Is this NASA image photoshopped? I believe it is.

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Is this NASA image photoshopped? I believe it is.

dtschmitz
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Re: Is this NASA image photoshopped? I believe it is.

Steve
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it may be color enhanced but that's a typical 360 degree panoramic images used for making virtual environments.
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Re: Is this NASA image photoshopped? I believe it is.

humbugger
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Yes, it is photoshopped. Also it looks like there is some bleeding of one of the pictures going on on the top left, with the linear movement of the stars. There should be no question about whether NASA will show manipulated imagery on their daily feed.

As for this technique, four flat pictures will be joined and then cropped to show you the movement of the celestial sphere above us.

Steve wrote
it may be color enhanced but that's a typical 360 degree panoramic images used for making virtual environments.
There is definitely something about the colors, although this may be due to the exposure only. The bright blue small streaks and dots on the right side of the lake is interesting though. This might be fireflies?

Steve actually showed a similar effect (panoramic flat sky => panoramic circular sky) where the sun never leaves the sky using panoramic photography (The Midnight Sun - Concave Earth / YouTube):
https://www.youtube.com/watch?v=HsnUynVK-Hc

Anyway.

This is in the caption:
http://apod.nasa.gov/apod/ap150518.html wrote
Stars far in the distance appear to show unusual trails -- as the Earth turned -- because early exposures were artificially faded.
Does this make sense? Key words are unusual and artificial.

They will show you how the Planet Earth turns here, but this will just show you a simulation of a fixated celestial sphere: http://apod.nasa.gov/apod/ap110601.html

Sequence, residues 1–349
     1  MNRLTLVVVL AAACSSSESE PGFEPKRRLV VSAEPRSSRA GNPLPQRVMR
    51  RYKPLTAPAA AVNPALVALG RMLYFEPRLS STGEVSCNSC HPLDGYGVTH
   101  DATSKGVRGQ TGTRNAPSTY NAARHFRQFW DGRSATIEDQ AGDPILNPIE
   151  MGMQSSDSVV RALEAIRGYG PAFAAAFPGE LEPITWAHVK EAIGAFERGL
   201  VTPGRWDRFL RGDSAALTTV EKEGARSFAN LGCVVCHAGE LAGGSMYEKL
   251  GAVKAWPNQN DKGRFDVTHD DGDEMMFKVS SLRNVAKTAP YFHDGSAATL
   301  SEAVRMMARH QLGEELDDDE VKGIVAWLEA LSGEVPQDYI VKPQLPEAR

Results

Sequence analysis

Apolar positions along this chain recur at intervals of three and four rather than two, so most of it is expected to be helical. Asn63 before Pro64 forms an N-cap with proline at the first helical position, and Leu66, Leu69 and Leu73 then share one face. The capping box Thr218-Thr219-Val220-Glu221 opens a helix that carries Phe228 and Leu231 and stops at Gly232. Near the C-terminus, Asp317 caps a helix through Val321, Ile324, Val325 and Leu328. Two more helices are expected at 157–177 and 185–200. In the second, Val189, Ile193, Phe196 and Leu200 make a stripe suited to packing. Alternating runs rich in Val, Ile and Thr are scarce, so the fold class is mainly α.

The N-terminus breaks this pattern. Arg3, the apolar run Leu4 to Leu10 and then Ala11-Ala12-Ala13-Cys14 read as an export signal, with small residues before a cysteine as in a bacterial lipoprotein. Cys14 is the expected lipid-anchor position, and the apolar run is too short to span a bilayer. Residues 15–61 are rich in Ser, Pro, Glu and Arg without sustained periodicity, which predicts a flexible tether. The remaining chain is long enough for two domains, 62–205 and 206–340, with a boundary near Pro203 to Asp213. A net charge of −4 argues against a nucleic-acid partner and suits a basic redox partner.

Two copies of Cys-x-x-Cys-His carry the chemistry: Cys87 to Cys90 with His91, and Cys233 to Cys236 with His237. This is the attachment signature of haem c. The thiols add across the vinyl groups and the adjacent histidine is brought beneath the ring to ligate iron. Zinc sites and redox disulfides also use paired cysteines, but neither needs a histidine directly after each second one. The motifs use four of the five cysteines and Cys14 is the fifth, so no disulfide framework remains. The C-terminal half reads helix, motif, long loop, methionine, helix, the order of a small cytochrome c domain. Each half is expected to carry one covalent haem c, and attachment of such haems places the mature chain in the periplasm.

And their explanation of 'artifically faded' will lead you here: http://www.slate.com/blogs/bad_astronomy/2014/06/19/time_lapse_planetary_panorama_by_vincent_brady.html

Definitely some bad astronomy.
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Re: Is this NASA image photoshopped? I believe it is.

Steve
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yea humbugger, seems like they will bend over backwards to try to convince people of a rotating earth. They are so pathetic.

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Re: Is this NASA image photoshopped? I believe it is.

dtschmitz
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Re: Is this NASA image photoshopped? I believe it is.

dtschmitz
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Re: Is this NASA image photoshopped? I believe it is.

humbugger
These movements are visible because it is a composite of multiple panoramic pictures, to create a wide field of view. This is merely a flat representation of spherical movement.

Imagine the rocks on the left to be closer to you (say 100 yards to your north-west), under the middle of the sphere you see the shore, this could be 1000 yards away to your absolute north.

So we have depth (3D or X Y Z axes) to flatness (2D or X Y axes) conversion, where the depths will now warp.

I don't have sufficient knowledge of Aurora photography to tell if it is correct or incorrectly visible.

Here is another example of a somewhat circular trajectory that is converted to show flat surface. I will use the supposed ISS trajectory for this. Obviously, it doesn't simply move from north to south:
http://scienceblogs.com/startswithabang/files/2012/06/iss-orbit.gif
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Re: Is this NASA image photoshopped? I believe it is.

Steve
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Well I mapped the image onto a sphere so fwiw...looks like there are a few seams.


http://i.imgur.com/SnV3vQ3.gif
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Re: Is this NASA image photoshopped? I believe it is.

dtschmitz
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